Your passion for motorsports may present itself in a number of ways. Motorsports is more than just driving, and there are a million-and-one ways to get involved. Running an event requires the talents of a wide variety of dedicated individuals. Whether you’re talking Club Racing, Time Trials or Solo/Autocross events our members enjoy serving in all types of exciting positions. Get started now and who knows where you’ll end up?
Be a participant . . . not just a fan!
The registrar is the intake person. Meet and greet arriving participants and issue and verify their credentials. Be the first official face they see, point them to where they need to be and make sure everyone gets started on the right track.
Scrutineers get real fun when they’re poking around under the hood. Pre-race safety inspections, preparation compliance, post-race inspections, mechanical tear-downs. If you like to stick your nose in stuff, and know how it works, this is the job for you.
If your idea of fun is to have all eyes focused intently on you while you savor your moment of total control, you’ll have great fun being a starter. The starter also calls the end of the race, and is hooked into the communications network throughout.
This volunteer takes a position along the course and uses flags and hand signals to communicate track conditions to each driver. This position serves as first responder to any incident on the course, maintains the link between the steward and the drivers, and keeps the fun moving at all times. These people go home dirty...and happy!
These positions collect the numbers that tell the story – who drove how fast and in what place each driver finished the race. You’re on the computer, using advanced technology to measure, collate, verify and deliver the results.
In order to set a wheel (or four) on the track, racecars go though the grid. Grid workers check for everything from safety equipment to problems with the car. Before the races, cars are gridded in their spot according to their qualifying position provided by Timing & Scoring. Grid workers get to mingle with the drivers and crew.
Pit workers monitor and assist every car that comes into pits, as well as working the entrance and exit of pits, signaling the drivers so they can blend in to race traffic without incident.
Pace cars have two people in them. One is the driver, who maintains a safe speed and controls the pack prior to racing and if an incident occurs on track that requires bringing the cars under control. Pace car drivers either currently hold a competition license or have held one in the past. The other is the communicator, who maintains contact with Race Control via a 2-way radio.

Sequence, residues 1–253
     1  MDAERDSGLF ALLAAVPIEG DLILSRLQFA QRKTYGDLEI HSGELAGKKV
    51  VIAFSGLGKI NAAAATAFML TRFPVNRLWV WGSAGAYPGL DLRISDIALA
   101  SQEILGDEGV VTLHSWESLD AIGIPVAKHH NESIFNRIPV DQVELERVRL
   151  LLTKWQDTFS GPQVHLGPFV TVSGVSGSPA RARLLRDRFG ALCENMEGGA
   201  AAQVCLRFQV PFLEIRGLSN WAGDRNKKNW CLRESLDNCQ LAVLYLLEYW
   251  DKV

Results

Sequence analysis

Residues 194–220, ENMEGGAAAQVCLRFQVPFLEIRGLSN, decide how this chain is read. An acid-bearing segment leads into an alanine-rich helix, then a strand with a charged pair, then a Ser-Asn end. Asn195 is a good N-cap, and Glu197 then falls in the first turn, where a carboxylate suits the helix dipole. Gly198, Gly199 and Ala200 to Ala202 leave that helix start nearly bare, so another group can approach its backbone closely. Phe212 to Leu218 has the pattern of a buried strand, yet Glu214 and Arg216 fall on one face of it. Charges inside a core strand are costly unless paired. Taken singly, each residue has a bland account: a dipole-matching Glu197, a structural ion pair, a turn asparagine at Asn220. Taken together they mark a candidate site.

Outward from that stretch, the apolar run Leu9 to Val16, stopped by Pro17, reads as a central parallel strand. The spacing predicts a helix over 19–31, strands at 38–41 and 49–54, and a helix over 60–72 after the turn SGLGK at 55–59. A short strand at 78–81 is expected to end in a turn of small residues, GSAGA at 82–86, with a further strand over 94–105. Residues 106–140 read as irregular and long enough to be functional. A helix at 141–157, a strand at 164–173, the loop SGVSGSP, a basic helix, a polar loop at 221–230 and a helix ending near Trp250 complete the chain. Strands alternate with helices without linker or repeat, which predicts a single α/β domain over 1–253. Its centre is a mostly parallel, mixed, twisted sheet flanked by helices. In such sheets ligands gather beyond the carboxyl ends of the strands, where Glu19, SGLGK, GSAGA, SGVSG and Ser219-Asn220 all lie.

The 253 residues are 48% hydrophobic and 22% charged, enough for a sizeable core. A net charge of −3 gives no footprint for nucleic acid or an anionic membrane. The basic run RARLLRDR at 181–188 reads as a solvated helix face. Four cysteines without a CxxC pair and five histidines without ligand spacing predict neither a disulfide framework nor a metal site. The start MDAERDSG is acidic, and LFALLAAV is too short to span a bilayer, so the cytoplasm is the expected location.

Marshals oversee activity in the paddock, at the start, on the course and in the pits. Marshals get their face next to the race, snort the fumes, keep it real.
Emergency Services (EV) does many jobs at once. Their main job is to retrieve broken racecars off the track in a safe manner. Sometimes the cars only need to be flat towed and other times they need to be lifted off of tire walls or maybe even turned right side up.
Run the show. Make sure everyone is doing what they’re supposed to be doing. Verify that everyone knows the rules and follows the rules. Keep everyone safe. Solve problems. Make sure everyone gets real fun.
Last, but certainly not least, is NCR’s Hospitality crew. They make results available after qualifying and races; sell NCR merchandise, such as t-shirts, patches and stickers; and just generally help out anyone who needs it in a friendly and welcoming manner.
Getting involved as a volunteer or official is as easy as going to a local event and volunteering to help. Volunteers are issued a license just like the competition drivers, and can work their way up through the four levels of licenses by participating at different events and gaining the knowledge and experience necessary to hold a national specialty license. SCCA licensed officials help staff most of the motorsport events held in the United States in one capacity or another.
Goal of the Program
Initiate a system and process which will attract, retain and reward qualified officials, members and drivers who on a voluntary basis support the staffing requirements of the NCR region of SCCA. The events these volunteers support will be both SCCA sanctioned and contracted non-SCCA sanctioned events the region is responsible to staff. Any other activities involving NCR region volunteers or officials which are performed by the individual remain the sole responsibility of that individual and are not eligible for this program.
NCR's Volunteer Incentive Program (VIP) pays volunteers $50 for each day worked. Payment is made by check. You have the option of...
- receiving a check by mail the week after an event
- a one lump sum check for all days worked at the end of the racing season
- not participating in the program.
The SCCA national office has a program that offers discounts on your national dues based on your participation as a volunteer at SCCA events. Click here to download the instructions of how to earn and report your VIP days.
NC Region Membership Chair